Broten gets his first card here – in the same season that his brother, Neal, got one as well. On this card, we get the first hint that these Devils photos were likely taken in training camp since there is no nameplate on the back. He was New Jersey’s top offensive talent in 1982-83 with 55 points and remained with them into the next decade.
137 Joe Cirella
A first round pick by the Rockies in 1981, Cirella got a baptism under fire in Colorado and was a shocking -36. Granted, he was learning the ropes with the league’s worst team and still managed 19 points. After the first two games of the season, he was sent back to the OHL’s Oshawa Generals for a chance to develop further. The idea was a success as he returned in 1983-84 and skated in the 1984 NHL All-Star Game on home ice.
138 Dwight Foster
The Rockies signed Foster as a free agent before the 1981-82 season and the cost was high – their first round pick in the 1982 NHL Entry Draft. The pick ended up being the first overall and the Boston Bruins chose Gord Kluzak. Due to a strained relationship with management, Foster was sold to Detroit just a few weeks into the 1982-83 season.
Gagne had a great 25-goal start with the Rockies in 1980-81, but suffered a major sophomore slump. He spent four seasons in New Jersey and only cracked the 20-goal plateau once before a back injury made him miss over two years worth of action.
140 Garry Howatt
The man known as “Toy Tiger” was one tough customer and after winning two Stanley Cups with the New York Islanders, he spent a pretty good year with a bad Hartford Whalers team. Part of an early season trade to the Devils, he only got into 38 games – but racked up 114 penalty minutes along the way.
141 Don Lever
Lever was acquired during the 1981-82 season as part of the deal that sent Lanny McDonald to Calgary. He was New Jersey’s first captain and scored the first goal in franchise history. That tally came at 2:21 of the first period against Michel Dion of the Pittsburgh Penguins.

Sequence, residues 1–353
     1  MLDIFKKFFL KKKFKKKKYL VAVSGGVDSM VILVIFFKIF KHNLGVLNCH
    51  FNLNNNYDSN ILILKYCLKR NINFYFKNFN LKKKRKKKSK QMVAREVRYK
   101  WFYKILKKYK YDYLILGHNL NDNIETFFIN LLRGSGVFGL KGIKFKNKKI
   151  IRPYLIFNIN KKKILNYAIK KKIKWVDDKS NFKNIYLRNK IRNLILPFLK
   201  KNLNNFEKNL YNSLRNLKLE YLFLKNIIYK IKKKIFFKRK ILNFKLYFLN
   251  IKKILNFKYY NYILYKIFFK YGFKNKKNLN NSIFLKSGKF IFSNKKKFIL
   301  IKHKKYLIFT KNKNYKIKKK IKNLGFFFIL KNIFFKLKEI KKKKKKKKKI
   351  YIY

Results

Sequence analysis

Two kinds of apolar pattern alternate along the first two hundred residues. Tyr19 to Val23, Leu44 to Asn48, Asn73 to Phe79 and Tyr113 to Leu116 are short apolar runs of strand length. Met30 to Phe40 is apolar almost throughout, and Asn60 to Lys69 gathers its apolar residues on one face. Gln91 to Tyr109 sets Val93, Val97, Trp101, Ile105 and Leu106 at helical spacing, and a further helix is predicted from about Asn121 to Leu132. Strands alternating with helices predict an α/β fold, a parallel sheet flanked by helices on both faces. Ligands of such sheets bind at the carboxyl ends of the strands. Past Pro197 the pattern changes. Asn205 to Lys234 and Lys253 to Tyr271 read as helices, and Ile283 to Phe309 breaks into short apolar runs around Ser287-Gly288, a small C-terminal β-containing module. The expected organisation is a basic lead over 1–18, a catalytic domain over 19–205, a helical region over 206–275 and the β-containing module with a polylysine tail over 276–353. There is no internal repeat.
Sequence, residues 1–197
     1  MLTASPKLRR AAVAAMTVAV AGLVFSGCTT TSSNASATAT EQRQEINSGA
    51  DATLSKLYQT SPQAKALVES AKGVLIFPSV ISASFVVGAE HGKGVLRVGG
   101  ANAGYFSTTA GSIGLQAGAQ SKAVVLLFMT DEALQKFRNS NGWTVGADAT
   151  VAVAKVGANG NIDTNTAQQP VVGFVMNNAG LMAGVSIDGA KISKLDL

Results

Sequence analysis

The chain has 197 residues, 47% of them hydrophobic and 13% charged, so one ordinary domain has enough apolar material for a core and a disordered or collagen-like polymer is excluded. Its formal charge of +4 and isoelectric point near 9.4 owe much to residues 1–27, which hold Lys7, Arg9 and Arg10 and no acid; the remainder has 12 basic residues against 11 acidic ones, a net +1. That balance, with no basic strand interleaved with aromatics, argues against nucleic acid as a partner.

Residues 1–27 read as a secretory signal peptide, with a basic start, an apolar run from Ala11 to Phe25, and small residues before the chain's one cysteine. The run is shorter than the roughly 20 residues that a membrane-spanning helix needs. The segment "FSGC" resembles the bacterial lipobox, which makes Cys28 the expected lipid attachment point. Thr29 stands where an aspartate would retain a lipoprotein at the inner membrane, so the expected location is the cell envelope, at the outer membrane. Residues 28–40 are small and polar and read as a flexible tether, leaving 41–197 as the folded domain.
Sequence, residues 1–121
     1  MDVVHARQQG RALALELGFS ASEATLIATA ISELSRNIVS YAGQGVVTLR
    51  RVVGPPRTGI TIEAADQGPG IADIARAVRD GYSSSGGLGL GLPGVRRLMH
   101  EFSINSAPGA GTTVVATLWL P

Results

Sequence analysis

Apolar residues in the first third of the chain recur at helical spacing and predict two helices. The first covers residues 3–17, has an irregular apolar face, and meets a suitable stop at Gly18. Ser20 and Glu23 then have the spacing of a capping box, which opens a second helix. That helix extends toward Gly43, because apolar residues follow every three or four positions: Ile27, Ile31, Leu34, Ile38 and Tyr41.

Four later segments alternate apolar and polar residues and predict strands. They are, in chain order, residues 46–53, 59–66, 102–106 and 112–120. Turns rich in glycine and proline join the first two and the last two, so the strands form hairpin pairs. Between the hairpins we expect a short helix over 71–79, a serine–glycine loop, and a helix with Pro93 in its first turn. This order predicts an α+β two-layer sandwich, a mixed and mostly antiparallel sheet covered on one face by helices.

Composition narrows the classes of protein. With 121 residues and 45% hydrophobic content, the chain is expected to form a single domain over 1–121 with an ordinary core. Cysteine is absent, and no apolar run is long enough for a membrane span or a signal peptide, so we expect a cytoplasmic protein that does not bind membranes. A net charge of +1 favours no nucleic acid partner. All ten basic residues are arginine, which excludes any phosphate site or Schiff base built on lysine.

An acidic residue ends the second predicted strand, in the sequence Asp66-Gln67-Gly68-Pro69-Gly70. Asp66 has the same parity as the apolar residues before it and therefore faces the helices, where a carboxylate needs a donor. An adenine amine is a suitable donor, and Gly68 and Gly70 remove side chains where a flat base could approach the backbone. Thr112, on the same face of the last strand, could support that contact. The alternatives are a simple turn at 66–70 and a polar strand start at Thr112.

Lorimer won a Stanley Cup on Long Island before joining the Rockies and overcame a ruptured spleen in college to make it to the NHL. A veteran force on New Jersey’s back end, he was never a big scorer, but made up for it in a lot of other ways. He was often paired up with Tavio Levo, a promising defender that strangely never had an O-Pee-Chee card.
143 Bob MacMillan
MacMillan was one of New Jersey’s most reliable players during their first season and was picked up in the previously mentioned Lanny McDonald deal. A former Lady Byng Trophy winner that had 108 points with the Atlanta Flames in 1978-79, his numbers were in a bit of a decline at this point in his career and he was coached here by his brother, Bill.
Meagher took a bit of a long route to become an NHL regular as he starred for Boston University before turning pro in the Montreal Canadiens system. Traded to Hartford in 1980, he became a regular with the Whalers in 1981-82 at the age of 28. He spent three seasons with the Devils and later moved on to the St. Louis Blues. In 1989-90, he was awarded the Selke Trophy.
145 Glenn Resch
“Chico” Resch was fresh off winning the Masterton Trophy after being buried by an avalanche of rubber in 1981-82 with Colorado. He had risen to stardom as a member of the New York Islanders in a tandem with Billy Smith and won a Stanley Cup there before being traded to the Rockies. He became an instant fan favorite in New Jersey.
While the back of this card talks about a big game with the Rockies, we get to see Resch with a fresh white mask here. He remained with the Devils until late in the 1985-86 season and has spent many years in the broadcast booth for them. One of the most popular and beloved New Jersey Devils ever, he has a keen appreciation for vintage hockey memorabilia and classic cars.
147 Steve Tambellini
Tambellini continued to thrive in 1982-83 as he once again led the team in goals – four of which were game-winners. Before the next season began, he was off to the Calgary Flames along with future Stanley Cup-winning coach Joel Quenneville for Mel Bridgman and Phil Russell.
In the twilight of a career that included Stanley Cups in Boston and Montreal along with being a part of the notorious California Golden Seals, Vadnais was 37 years old when the Devils claimed him from the New York Rangers in the Waiver Draft. Both of his goals with New Jersey came in the first month of the season, but his last career game on April 3, 1983 saw him notch a pair of assists against Pittsburgh.
You can see 1982-83 O-Pee-Chee hockey cards on eBay by clicking here.